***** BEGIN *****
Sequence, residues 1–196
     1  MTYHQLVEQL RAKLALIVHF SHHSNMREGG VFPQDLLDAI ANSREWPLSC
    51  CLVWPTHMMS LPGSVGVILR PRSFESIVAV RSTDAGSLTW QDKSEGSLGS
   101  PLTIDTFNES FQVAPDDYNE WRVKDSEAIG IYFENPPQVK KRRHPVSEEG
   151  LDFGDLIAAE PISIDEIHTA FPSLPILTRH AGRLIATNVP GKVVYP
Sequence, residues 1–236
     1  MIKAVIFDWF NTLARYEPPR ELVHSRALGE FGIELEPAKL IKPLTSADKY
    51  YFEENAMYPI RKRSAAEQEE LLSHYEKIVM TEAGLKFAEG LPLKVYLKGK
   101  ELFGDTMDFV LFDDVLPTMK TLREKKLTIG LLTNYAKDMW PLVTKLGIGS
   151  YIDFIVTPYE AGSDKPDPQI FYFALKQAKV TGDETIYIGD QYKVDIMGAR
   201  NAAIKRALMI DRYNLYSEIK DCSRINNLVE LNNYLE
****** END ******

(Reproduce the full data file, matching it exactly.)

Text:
Sequence, residues 1–196
     1  MTYHQLVEQL RAKLALIVHF SHHSNMREGG VFPQDLLDAI ANSREWPLSC
    51  CLVWPTHMMS LPGSVGVILR PRSFESIVAV RSTDAGSLTW QDKSEGSLGS
   101  PLTIDTFNES FQVAPDDYNE WRVKDSEAIG IYFENPPQVK KRRHPVSEEG
   151  LDFGDLIAAE PISIDEIHTA FPSLPILTRH AGRLIATNVP GKVVYP
Sequence, residues 1–236
     1  MIKAVIFDWF NTLARYEPPR ELVHSRALGE FGIELEPAKL IKPLTSADKY
    51  YFEENAMYPI RKRSAAEQEE LLSHYEKIVM TEAGLKFAEG LPLKVYLKGK
   101  ELFGDTMDFV LFDDVLPTMK TLREKKLTIG LLTNYAKDMW PLVTKLGIGS
   151  YIDFIVTPYE AGSDKPDPQI FYFALKQAKV TGDETIYIGD QYKVDIMGAR
   201  NAAIKRALMI DRYNLYSEIK DCSRINNLVE LNNYLE